Smallest school in Britain is set to close… as it will soon have only ONE pupil left after the other leaves
- Bleasdale Church of England Primary is in the Forest of Bowland, Lancashire
- After 180 years of teaching, it has been deemed ‘no longer financially viable’
- Over the past five years, numbers have plunged from 16 down to two – and a Year 6 pupil is moving to secondary school in September
With only two pupils on its register, it was the smallest school in the country.
But its doors will now have to close – because one of the youngsters is off to secondary school.
After 180 years of teaching, Bleasdale Church of England Primary in the Forest of Bowland has been deemed ‘no longer financially viable’ by Lancashire County Council.
The school taught youngsters in the remote village of Bleasdale for nearly two centuries but has been recently stricken by a dwindling pupil roll.
After 180 years of teaching, Bleasdale Church of England Primary in the Forest of Bowland has been deemed ‘no longer financially viable’ by Lancashire County Council
Over the past five years numbers have plunged from 16 down to two.
A Year 6 pupil is moving on to secondary school in September, leaving just one youngster remaining.
The departing 11-year-old said: ‘It’s been great – I’ve liked being here for the past seven years and made a few friends.’
Associate head teacher David Fann called the decision ‘very sad’ and said the school – which is due to close on Tuesday – was ‘the core of the community’.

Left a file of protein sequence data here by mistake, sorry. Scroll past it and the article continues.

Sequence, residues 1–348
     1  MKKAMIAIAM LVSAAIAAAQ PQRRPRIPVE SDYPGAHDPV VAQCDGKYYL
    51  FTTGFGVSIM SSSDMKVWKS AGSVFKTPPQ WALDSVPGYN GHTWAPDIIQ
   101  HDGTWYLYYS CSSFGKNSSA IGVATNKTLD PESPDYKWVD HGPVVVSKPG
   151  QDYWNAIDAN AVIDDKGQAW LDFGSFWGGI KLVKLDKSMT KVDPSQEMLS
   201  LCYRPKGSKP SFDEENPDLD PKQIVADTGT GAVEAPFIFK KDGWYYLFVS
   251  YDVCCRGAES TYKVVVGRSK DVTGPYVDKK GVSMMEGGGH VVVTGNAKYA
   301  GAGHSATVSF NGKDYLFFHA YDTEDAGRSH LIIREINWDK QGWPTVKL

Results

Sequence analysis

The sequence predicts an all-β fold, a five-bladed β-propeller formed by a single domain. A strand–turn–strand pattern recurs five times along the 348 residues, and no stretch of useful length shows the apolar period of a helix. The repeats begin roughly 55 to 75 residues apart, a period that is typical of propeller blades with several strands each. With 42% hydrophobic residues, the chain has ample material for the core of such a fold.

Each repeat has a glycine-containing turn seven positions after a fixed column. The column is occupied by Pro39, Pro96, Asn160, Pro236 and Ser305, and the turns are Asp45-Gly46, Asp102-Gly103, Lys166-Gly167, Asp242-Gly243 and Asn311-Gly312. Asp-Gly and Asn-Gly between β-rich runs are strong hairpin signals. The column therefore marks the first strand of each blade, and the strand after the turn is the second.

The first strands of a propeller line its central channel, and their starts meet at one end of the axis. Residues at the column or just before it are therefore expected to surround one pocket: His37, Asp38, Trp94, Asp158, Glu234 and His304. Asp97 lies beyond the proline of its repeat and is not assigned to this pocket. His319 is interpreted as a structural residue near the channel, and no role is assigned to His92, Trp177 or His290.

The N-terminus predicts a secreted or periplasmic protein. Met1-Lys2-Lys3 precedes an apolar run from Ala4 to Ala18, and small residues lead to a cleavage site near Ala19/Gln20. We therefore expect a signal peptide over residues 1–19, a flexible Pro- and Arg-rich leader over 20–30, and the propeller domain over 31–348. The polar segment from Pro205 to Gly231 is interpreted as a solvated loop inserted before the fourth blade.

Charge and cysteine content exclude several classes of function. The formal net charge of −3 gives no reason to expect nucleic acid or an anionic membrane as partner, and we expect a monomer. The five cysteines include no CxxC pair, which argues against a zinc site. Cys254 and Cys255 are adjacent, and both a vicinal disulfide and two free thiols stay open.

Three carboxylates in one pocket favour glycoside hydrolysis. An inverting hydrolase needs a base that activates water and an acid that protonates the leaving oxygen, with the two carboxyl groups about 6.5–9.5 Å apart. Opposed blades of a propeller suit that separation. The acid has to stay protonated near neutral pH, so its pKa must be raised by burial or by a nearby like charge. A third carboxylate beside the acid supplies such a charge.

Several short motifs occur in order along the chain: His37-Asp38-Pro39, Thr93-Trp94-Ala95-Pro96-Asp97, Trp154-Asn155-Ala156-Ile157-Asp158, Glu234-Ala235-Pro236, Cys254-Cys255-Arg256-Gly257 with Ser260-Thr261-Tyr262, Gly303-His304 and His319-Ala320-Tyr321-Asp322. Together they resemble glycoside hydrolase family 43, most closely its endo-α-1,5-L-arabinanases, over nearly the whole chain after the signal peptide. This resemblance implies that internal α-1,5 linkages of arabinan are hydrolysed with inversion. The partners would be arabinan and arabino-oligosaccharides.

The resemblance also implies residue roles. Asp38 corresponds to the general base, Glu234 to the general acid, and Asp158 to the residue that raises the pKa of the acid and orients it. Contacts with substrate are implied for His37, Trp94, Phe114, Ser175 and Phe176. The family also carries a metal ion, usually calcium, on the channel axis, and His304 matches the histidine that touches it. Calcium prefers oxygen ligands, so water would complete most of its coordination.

He also said that the seven members of staff were shocked and numb, adding: ‘It will hit them hard. When the school goes… I worry for the community.’
The fate of the remote rural school had been hanging in the balance for decades, but following a public consultation earlier this year the county council decided it should close.
Over the past five years, numbers have plunged from 16 down to two. A Year 6 pupil is moving on to secondary school in September, leaving just one youngster remaining
Bleasdale village itself recorded a population of only 167 in the 2011 census.
The school, which was able to accommodate almost 60 pupils, was rated ‘good’ in its last inspection by Ofsted in 2015.
Its website encourages parents to ‘travel the extra mile’ to send their children to Bleasdale and claims two pupils until recently made a 40-mile round trip from the town of Penwortham each day.
Bleasdale Primary had been competing with several nearby primary schools, the closest being three miles away and also under the umbrella of the Church of England. But that school also has surplus places, according to the diocese.
Edwina Grant, executive director for education and children’s services at Lancashire County Council, said: ‘I would like to reassure everyone that all the views that we received during the consultation we ran earlier this year were considered very carefully, before the decision was taken to move to the next stage of the process.
‘Unfortunately, we have to acknowledge the reality that the school is no longer financially viable with such incredibly low pupil numbers.
‘There will only be one pupil attending the school from September this year. This figure may only increase by a few pupils over the coming years, so there really is no other option. Our paramount concern is always to provide the best education we can for all young people.’